Figure 4. Artist’s impression of 1958 Lituya Bay rockslide generating a tsunami of ~162 m in height destroying forest up to maximum run-up height of 524 m (adapted from Heller and Hager [26], with permission from © 2010 American Society of Civil Engineers).
Jmse 02 00400 g004 1024

Fritz et al. [36] investigated the Lituya Bay case in a physical model study and measured an up-scaled wave height of H = 162 m and a wave amplitude of a = 152 m close to the opposite shore at x = 885 m. This wave height is in excellent agreement with the inversely computed value H = 162 m in front of the opposite shore computed with the solitary wave run-up equation of Hall and Watts [37] and R = 524 m.

The prediction of HM shown in Figure 2 results in a maximum wave height of HM = 179 m just in front of the opposite shore (xM = 1232 m based on empirical equation in Table 1) compared to the “observed” wave height of H = 162 m. The small difference is explained with the lateral spread of wave energy (Figure 4), in contrast to the laboratory tests, where any spread was prevented by the side boundaries of the 2D setup. Further, the empirical equation in Table 1 for aM results in aM = 143 m, which is in good agreement with a = 152 m measured at x = 885 m in the physical model [36].

The following examples show that empirical predictions based on P are often conclusive enough to replace expensive prototype specific physical or numerical model studies, or at least to provide well founded recommendations on whether a more expensive investigation is required. Heller et al. [31] provided a generic hazard assessment methodology based on P applicable in both 2D (Table 1) and 3D, including wave generation, propagation and run-up on shores or dams. Fuchs and Boes [8] calibrated and validated this method [31] with a rock fall generated impulse wave observed in 2007 at Lake Lucerne, Switzerland, and predicted then potential future waves at the same location. Preliminary estimates based on P for the planned Kühtai reservoir and hydropower dam in Austria suggested that an impulse wave due to a snow avalanche may overtop the dam so that a detailed prototype specific study was recommended. This was realized by Fuchs et al. [32] at scale 1:130, indicating that the wave only moistens the dam crest without overtopping. Cannata et al. [33] implemented the method of Heller et al. [31] in the open source GIS software GRASS, along with a considerable more time consuming shallow-water equation approach. A comparison of the run-up based on the two approaches for a case study at Lake Como, Italy, resulted in a general agreement of the wave height magnitude. BGC [38] predicted the wave parameters in the slide impact zone based on P for slope failure scenarios in the Mitchell Pit Lake, Canada. The wave propagation and potential dam overtopping were then numerically modelled with TELEMAC-2D with these initial predictions as input values. These examples provide evidence that the parameter P is an efficient tool for first estimates in real-world predictions and for hazard assessment in general.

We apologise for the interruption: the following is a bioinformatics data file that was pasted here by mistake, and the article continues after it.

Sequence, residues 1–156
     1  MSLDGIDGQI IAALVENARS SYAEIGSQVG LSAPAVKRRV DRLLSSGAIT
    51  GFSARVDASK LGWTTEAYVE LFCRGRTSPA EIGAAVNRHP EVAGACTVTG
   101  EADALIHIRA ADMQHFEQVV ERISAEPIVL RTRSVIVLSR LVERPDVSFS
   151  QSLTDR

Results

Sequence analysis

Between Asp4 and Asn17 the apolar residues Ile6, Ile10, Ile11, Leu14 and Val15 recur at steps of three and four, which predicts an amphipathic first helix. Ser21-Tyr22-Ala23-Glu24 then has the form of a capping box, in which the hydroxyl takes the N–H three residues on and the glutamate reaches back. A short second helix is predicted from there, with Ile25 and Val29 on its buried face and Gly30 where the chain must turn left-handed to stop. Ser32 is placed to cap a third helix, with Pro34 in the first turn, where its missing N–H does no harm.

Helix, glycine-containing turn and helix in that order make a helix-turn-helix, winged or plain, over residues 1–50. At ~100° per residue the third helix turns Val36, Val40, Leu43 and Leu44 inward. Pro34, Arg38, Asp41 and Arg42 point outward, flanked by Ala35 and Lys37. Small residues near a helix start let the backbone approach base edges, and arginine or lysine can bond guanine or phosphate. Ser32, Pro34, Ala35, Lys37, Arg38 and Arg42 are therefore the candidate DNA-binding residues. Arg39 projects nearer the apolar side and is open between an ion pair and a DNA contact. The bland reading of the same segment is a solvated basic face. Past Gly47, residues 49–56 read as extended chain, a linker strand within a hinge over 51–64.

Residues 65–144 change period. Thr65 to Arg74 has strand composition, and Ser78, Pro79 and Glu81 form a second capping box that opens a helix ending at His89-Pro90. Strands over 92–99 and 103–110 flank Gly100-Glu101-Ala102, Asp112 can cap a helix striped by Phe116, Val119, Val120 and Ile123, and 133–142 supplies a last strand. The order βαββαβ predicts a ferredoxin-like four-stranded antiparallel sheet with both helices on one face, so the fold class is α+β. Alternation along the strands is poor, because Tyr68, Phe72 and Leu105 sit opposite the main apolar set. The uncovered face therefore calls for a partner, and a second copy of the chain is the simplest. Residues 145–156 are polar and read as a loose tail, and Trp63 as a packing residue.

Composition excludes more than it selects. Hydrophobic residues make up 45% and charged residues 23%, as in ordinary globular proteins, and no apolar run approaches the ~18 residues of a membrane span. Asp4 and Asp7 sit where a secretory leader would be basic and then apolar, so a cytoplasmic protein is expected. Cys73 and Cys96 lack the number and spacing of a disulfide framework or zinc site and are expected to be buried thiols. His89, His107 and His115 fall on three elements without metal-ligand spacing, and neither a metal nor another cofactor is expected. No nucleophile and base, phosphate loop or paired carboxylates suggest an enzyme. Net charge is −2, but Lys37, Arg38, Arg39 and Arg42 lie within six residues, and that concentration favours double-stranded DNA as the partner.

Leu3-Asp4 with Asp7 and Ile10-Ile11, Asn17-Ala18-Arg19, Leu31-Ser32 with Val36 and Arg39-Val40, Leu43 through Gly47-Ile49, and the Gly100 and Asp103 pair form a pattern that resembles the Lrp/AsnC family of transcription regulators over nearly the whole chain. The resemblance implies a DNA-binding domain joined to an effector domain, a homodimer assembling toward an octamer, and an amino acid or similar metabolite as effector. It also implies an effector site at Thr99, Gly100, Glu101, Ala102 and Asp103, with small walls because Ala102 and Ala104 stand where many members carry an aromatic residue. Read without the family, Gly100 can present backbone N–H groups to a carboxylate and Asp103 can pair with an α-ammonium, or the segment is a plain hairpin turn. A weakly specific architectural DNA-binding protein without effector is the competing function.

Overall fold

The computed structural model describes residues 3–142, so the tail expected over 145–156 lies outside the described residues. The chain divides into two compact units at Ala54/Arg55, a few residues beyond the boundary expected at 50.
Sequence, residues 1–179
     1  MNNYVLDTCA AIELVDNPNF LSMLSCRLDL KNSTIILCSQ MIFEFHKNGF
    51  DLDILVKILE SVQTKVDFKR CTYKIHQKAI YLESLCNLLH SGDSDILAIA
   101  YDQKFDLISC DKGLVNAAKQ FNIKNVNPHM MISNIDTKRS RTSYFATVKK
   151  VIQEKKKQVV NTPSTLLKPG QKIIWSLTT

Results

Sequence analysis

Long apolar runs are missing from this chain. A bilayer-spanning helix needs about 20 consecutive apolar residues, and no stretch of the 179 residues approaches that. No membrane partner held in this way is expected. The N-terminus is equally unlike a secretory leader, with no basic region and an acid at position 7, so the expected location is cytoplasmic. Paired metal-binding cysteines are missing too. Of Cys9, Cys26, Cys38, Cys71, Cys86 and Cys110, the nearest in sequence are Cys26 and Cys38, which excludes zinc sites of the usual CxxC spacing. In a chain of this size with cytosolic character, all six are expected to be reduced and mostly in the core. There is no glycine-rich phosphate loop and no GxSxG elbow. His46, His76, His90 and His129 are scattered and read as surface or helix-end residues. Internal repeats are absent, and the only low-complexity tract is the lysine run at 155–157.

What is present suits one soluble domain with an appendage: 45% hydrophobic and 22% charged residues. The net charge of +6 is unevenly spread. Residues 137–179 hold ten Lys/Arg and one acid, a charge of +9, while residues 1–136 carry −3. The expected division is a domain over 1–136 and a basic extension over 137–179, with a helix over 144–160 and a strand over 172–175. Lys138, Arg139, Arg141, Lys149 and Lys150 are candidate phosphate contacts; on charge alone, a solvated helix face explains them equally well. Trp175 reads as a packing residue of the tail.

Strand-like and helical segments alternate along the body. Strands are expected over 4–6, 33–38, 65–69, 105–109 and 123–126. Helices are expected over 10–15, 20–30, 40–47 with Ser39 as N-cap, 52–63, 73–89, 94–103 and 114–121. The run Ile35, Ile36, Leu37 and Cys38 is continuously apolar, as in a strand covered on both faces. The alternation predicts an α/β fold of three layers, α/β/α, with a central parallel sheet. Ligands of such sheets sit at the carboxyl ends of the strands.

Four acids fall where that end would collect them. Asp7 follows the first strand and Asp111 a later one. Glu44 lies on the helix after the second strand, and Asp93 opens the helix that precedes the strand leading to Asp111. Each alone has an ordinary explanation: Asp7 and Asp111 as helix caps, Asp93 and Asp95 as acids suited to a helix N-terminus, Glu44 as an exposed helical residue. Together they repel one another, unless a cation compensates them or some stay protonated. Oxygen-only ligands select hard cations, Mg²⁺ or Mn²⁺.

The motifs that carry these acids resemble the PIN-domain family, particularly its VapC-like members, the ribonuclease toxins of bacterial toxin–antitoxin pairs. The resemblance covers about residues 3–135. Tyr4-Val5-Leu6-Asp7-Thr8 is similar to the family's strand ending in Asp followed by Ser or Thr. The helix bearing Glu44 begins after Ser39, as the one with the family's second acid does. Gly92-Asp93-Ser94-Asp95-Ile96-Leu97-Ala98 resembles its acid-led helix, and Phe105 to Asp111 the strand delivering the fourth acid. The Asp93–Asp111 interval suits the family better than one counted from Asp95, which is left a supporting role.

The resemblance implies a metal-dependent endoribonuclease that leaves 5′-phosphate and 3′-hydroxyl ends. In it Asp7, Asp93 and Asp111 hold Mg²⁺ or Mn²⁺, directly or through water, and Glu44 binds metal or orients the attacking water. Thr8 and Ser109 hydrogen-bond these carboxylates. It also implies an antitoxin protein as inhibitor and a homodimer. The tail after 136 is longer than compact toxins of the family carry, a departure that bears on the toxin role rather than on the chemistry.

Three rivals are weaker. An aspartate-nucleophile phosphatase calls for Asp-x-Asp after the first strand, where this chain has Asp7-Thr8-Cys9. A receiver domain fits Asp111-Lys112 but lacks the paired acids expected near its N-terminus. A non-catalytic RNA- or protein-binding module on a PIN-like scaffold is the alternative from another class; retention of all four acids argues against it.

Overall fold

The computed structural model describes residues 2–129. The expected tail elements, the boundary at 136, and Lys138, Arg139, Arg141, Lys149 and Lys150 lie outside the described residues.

4. Limitations

Whereas P was developed for subaerial landslide tsunamis (impulse waves), it does not apply to submarine landslide tsunamis [5,9,25,39,40,41]. Although some slide parameters are significant for both phenomena, other parameters not considered in P, including the initial slide submergence, are only relevant for underwater landslide tsunamis. Further, parameters applicable for both cases may not necessarily be relevant in the same ranges and their relative importance for submarine slides may also not be reflected by Equation (1). Finally, subaerial slides often result in considerable air entrainment, in contrast to underwater slides. The application of P to partially submerged slides is currently not investigated.

The parameter P was thus far mainly tested for wave channel (2D) rather than for wave basin (3D) geometries. Even though 2D geometries can reflect real-world cases (e.g. narrow reservoirs, lakes or fjords), the wave propagation is commonly of 3D nature. Transformation methodologies of results from 2D to 3D were presented by Huber and Hager [20], Heller et al. [31] and Heller et al. [42] in which the two latter studies already included P. Several 3D real-world predictions were based on this transformed form of P [8,32,33]. An ongoing project aims to further investigate the transformation of 2D results based on P to other idealized geometries, and future real-world applications are hoped to further confirm the applicability of P to cases with more complex water body geometries and bathymetries.

5. Conclusions

The relevance of the semi-empirical impulse product parameter P was reviewed, which is believed to be the most universal parameter to predict subaerial landslide tsunamis (impulse waves). The parameter P includes all relevant slide parameters affecting the wave generation process in wide test ranges such as densities heavier and lighter than water or slide impact angles between 30° and 90° (Table A1). The parameter P is based on the streamwise slide momentum flux component and it was refined with a multiple regression data analysis of granular slide tests conducted in a laboratory channel (2D) and further confirmed with 2D block model slide tests. Empirical equations based on P allow for a simple prediction of the maximum wave amplitude aM, height HM and period TM and their evolutions a(x), H(x) and T(x) with propagation distance (Table 1). Analytical evidence based on P revealed that the highest waves occur for a slide impact angle of α = 51.6°. The landslide probability is highest for hill slope angles of α = 36 to 39° where only about 10% smaller waves may be expected.